Hey Jim, just curious but why do you have lines drawn through the notes on your list?

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I carry an aluminum document holder with a bunch of clean paper held in place with the clipboard. Inside the holder, I've got a CodeCheck West, recall sheets for appiance, a few cheat sheets, extra pens, and some business cards.

I go through the house doing stuff by rote; compiling notes as I go - like I'm working a crimescene. The document holder makes a good desk and I can sketch something for a client when I need to in order to help him/her understand the issue. When I get back to the office, I transcribe the notes - 2-3 words that key my memory - into the program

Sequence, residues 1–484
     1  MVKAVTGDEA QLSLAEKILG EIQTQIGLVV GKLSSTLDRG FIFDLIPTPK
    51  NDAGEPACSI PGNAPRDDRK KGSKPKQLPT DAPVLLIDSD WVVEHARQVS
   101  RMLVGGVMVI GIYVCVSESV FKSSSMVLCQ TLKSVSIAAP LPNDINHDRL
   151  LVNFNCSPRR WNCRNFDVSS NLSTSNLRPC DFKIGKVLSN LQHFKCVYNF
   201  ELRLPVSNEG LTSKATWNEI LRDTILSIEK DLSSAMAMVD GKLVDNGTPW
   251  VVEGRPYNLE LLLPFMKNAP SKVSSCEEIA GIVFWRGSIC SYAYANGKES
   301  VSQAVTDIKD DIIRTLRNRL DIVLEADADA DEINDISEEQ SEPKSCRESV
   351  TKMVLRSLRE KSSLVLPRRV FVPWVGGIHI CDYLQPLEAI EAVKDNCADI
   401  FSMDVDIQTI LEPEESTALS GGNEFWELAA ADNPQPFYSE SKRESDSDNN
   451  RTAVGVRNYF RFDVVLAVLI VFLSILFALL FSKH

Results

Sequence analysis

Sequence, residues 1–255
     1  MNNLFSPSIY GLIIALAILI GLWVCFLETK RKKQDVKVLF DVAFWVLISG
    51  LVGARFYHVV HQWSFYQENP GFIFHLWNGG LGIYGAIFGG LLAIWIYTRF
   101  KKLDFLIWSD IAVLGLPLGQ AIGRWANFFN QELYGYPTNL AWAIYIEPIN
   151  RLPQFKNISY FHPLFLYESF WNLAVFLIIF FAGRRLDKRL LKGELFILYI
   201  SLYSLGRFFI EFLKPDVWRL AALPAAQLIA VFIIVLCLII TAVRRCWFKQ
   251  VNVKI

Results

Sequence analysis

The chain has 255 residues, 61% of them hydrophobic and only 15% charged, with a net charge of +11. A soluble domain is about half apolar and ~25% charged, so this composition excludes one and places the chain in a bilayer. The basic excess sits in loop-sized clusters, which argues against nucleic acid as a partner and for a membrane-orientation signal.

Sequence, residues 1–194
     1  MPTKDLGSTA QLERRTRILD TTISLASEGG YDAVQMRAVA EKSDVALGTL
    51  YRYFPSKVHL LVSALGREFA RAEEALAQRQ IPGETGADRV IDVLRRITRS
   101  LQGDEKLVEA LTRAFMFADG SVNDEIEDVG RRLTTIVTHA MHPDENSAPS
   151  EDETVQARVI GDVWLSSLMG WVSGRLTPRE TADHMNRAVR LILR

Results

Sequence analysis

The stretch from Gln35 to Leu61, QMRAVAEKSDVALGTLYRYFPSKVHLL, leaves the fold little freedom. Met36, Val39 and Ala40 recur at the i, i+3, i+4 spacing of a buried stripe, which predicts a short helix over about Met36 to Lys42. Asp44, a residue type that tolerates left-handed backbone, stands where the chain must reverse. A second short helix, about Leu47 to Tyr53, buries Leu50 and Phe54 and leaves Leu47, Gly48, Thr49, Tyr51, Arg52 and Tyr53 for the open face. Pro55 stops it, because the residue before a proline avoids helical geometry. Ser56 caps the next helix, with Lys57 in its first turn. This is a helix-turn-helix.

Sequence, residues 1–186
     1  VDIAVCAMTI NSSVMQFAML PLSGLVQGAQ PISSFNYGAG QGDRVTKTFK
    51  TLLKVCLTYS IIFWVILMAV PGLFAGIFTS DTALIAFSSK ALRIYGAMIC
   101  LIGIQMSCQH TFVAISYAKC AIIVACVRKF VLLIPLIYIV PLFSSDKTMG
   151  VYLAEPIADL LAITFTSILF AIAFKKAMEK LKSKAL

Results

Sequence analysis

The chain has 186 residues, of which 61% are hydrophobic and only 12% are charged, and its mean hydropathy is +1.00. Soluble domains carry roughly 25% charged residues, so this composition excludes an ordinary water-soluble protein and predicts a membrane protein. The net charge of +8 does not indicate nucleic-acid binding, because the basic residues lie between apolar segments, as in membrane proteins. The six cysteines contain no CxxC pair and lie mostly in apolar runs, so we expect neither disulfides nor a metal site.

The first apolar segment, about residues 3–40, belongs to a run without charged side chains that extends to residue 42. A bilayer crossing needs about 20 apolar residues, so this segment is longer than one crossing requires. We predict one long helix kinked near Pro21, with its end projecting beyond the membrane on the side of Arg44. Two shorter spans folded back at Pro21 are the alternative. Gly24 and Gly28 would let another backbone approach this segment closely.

It's weird; I usually can't remember what I had for breakfast or dinner the night before but I can remember a huge amount of crap about a home.

ONE TEAM - ONE FIGHT!!!

Mike

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Thanks everyone for telling about your experiences. All of your input helps. It's interesting how so many rely on cameras. On my first inspection I had some software that I thought was going to guide me through. It was a disaster. I also had a camera that day. I took many pictures. That camera saved me. I wrote my report off of the pictures. Maybe I should have never looked back.

Hey Jim, just curious but why do you have lines drawn through the notes on your list?

After I enter the note into the report, I cross it off, like a grocery list.

- Jim in Oregon

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...

It's weird; I usually can't remember what I had for breakfast or dinner the night before but I can remember a huge amount of crap about a home.